Bears will invade your RV is the opportunity presents itself.

Be considerate of other visitors. 

Be aware of when your generator is on, how loud you are around the campfire at night, what your dogs are up to. etc.  Say hi. Most likely, these fellow campers have the same goal as you…enjoying nature.

There’s also a general rule of thumb when you prepare to leave your freedom camping site, and one that can work miracles for Mother Nature’s beauty: leave a campsite better and cleaner than how you found it.

How to Find Free Campsites

Speaking of finding free campsites, we’ve got a few recommendations for you to make your search for free campsites an enjoyable experience, instead of something that stresses you out and sends you to an RV park instead.

There are apps for that. 

Smartphones opened up a brand new world of communication. With apps that allow you to specify exactly what you’re looking for in freedom camping, including road conditions, amenities (if any), reviews from others campers and so much more, you’ll wonder how you ever did this before technology.

Try out Campendium, Allstays, iOverlander, to name just a few.

Join social media groups. 

In a world that is constantly connected to everyone, you’ll be sure to find a group on social media outlets that fit your needs. From freedom camping to off-roading, you’ll get advice from like-minded travelers.

Visit local BLM/Forest Service and Visitor/Tourism offices. 

Talking to people instead of using apps sometimes can lead to hidden gems. So don’t be afraid to stop at a local BLM or tourism board. 

They are usually quite happy to direct you to places to camp. And many of these aren’t known to the general population, making your free camping even more special.

Get recommendations from friends. 

Many people have gone freedom camping before you.  Ask a friend for where they have been.  It’s always nice to know ahead of time what you’re in for.

But take their advice with a grain of salt.  One person’s worst place could be another person’s favorite place.

Here’s our 5 worst freedom camping spots.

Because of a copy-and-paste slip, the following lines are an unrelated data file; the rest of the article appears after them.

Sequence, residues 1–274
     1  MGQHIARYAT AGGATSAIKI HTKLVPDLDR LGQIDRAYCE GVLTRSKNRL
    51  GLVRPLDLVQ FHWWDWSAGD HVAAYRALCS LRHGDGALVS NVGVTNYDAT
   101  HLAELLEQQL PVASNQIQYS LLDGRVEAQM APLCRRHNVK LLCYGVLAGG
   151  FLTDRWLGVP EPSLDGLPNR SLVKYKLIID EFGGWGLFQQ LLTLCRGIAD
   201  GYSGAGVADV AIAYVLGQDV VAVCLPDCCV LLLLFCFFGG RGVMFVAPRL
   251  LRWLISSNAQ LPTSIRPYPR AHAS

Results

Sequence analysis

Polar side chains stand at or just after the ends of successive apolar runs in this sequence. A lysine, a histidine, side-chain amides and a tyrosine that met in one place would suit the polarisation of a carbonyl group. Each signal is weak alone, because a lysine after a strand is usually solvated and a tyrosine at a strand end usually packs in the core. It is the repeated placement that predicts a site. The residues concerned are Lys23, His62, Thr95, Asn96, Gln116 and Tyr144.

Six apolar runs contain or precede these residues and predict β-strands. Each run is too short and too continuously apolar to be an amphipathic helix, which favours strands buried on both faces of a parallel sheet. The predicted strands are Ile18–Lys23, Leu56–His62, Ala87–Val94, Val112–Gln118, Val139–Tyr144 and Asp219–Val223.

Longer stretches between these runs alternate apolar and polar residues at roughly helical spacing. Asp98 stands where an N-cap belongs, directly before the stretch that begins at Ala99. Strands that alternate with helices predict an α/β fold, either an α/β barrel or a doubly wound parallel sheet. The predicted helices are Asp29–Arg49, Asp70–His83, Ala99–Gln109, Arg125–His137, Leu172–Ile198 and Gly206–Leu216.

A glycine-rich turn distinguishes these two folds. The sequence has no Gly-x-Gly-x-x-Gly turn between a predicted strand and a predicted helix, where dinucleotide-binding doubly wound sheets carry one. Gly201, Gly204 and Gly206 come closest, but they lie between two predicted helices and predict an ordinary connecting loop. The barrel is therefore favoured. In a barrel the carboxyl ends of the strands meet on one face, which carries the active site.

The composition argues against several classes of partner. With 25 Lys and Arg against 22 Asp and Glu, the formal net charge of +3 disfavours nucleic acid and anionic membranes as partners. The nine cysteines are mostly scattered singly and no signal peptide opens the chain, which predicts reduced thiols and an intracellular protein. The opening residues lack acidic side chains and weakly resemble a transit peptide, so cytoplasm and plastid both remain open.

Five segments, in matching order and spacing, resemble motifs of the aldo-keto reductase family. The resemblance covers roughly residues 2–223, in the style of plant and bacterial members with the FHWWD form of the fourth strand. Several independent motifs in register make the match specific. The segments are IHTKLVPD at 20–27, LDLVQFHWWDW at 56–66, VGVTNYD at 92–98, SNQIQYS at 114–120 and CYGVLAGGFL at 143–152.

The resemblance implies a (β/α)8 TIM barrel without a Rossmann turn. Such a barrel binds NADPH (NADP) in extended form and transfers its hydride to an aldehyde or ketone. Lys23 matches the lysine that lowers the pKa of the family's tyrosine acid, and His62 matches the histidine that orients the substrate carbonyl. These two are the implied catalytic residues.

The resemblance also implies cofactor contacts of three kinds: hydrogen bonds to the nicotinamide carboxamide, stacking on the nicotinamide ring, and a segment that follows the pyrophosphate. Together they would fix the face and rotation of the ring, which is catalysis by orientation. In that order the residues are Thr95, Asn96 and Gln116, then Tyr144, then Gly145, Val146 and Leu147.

Tips for Freedom Camping

Here are a few more tips to follow to make your freedom camping experience the most enjoyable. The number one tip being: Be Flexible!

Even if you have read the reviews, gotten the recommendation from your closest friend and done your research, be prepared to not get what you thought you would get.

If you are flexible, your camping trip can still be the exhilarating one you set out to experience. When you are flexible, you’re more able to find the positive in almost any situation.

When it comes time to find a free campsite, you’re most likely going to end up on a dirt road with limited access. Traveling during the day can eliminate a lot of stress and hassle. You can see what you’re getting into.

Trust your gut.  If something doesn’t feel right, find another place that gives you the good vibes instead of the heebie-jeebies.

Read the signs and follow the rules. Nothing ruins a free campsite more than when you end up having to pay for it because you received a fine from a park ranger.

Yes, believe it or not, there are park rangers and law enforcement presence at most freedom camping sites. So, be kind.

They are there for your safety.

Be kind to your fellow campers, too. While most people are also trying to be responsible and kind campers, some aren’t. It might just be your kindness that flips the switch for them.

Pro Tip: Here’s our hot take about the safety of camping in the boonies.

Freedom Camping: Stories to Tell; Not Nightmares to  Live Through

Whatever you call freedom camping, make it an adventure to remember.

Yes, freedom camping is free, but it is not free of responsibility. If you take the time to understand responsible freedom camping, your experience should be free of horrific nightmares and full of wonderful stories.

Discover the Best Free Camping Across the USA

To be honest with you, we hate paying for camping. There are so many free campsites in America (with complete privacy).

You should give it a try!

As a matter of fact, these free campsites are yours. Every time you pay federal taxes, you’re contributing to these lands.

Become a FREE CAMPING INSIDER and join the 100,000 campers that love to score the best site! 

We’ll send you the 50 Best Free Campsites in the USA (one per state). Access the list by submitting your email below: